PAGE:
From Seriously Uncool to Subzero!
May 13, 2011 3:46 PM   Subscribe

Help me find the best/most cost-effective way to cool my apartment this summer! Special snowflake apartment and clueless renter here!!

One bedroom second story apartment in Chicagoland that is 537 sqft. I have a floor plan of my apartment with some sloppily taken dimensions here. The bedroom in the upper left corner has 3 windows with a southern exposure. I have another window in the living room that is right next to the lower right corner box that is a closet. Outside that window is the wall of another building that has other apartments' bathroom windows (I could stick my leg out and touch the other buidling--it's awkward). The kitchen is open to the living room as well. There's a ceiling fan in the bedroom and two in the living room.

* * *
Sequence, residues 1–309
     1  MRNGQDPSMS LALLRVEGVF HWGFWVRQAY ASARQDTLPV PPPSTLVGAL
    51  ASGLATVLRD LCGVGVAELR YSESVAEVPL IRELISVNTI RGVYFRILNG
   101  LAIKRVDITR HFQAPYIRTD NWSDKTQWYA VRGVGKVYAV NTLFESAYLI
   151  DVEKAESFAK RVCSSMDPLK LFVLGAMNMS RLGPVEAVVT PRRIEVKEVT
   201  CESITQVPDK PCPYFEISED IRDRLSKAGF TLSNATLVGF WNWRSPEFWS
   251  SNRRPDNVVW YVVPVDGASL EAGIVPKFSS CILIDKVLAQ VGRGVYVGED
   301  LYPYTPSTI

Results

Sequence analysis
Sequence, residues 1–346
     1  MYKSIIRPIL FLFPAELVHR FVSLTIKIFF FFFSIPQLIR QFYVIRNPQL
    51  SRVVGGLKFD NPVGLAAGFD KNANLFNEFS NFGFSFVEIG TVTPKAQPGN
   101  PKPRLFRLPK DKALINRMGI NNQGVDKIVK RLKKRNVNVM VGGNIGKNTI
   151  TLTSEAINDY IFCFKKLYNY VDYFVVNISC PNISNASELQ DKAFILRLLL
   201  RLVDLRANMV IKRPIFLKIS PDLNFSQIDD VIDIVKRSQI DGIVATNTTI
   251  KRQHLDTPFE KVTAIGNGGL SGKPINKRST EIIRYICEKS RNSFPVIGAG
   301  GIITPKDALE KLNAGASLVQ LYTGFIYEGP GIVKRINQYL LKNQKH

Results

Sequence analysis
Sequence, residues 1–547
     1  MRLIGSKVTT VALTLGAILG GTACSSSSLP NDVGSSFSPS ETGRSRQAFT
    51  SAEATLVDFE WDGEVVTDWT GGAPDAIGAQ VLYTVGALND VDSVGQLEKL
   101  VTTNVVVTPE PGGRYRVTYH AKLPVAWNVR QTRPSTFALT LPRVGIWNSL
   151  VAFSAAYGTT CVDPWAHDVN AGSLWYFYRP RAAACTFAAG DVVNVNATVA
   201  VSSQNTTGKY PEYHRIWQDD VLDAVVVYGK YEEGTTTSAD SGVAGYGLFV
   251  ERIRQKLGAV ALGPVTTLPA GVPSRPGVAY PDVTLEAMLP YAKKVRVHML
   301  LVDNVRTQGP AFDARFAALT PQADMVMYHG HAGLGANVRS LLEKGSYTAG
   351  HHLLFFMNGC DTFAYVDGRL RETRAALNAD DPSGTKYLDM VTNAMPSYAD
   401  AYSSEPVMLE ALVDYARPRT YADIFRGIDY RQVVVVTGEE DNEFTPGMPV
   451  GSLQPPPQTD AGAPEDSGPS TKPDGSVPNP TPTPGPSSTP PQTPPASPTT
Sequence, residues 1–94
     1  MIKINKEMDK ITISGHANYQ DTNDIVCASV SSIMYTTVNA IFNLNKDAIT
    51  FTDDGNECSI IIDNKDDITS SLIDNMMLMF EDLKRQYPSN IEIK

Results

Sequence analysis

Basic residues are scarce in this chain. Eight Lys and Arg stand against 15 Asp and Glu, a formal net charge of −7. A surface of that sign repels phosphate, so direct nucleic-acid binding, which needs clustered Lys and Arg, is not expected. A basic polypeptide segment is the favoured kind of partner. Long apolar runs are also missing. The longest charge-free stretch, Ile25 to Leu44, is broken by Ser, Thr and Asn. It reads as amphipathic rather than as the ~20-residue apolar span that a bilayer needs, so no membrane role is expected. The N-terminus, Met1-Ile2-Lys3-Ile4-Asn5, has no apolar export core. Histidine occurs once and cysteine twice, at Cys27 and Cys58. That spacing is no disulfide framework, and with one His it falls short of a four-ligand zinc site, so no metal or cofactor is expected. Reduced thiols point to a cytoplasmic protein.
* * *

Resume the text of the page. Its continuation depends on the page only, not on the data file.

I lived through September and October in this space with only my fans going at full speed, and it was only barely bearable. Earlier this week when the temperatures reached 86, I was dying inside. I've heard a lot of contradicting and confusing advise about what to get: a single unit that can cool 550 sqft installed in the larger space, two 150 sqft units, and getting unit(s) with additional BTU to account for the southern exposure/second floor/kitchen factors. From what I understand, not buying the correct BTU-age will either result in not extracting the moisture from the space or not being able to cool the space enough.